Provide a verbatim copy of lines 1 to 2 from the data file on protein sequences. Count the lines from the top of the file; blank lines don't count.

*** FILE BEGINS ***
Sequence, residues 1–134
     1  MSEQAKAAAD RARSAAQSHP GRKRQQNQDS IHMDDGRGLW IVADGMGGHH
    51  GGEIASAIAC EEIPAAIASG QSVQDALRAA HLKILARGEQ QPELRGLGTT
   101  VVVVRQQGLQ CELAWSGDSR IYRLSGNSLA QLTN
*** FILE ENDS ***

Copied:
Sequence, residues 1–134
     1  MSEQAKAAAD RARSAAQSHP GRKRQQNQDS IHMDDGRGLW IVADGMGGHH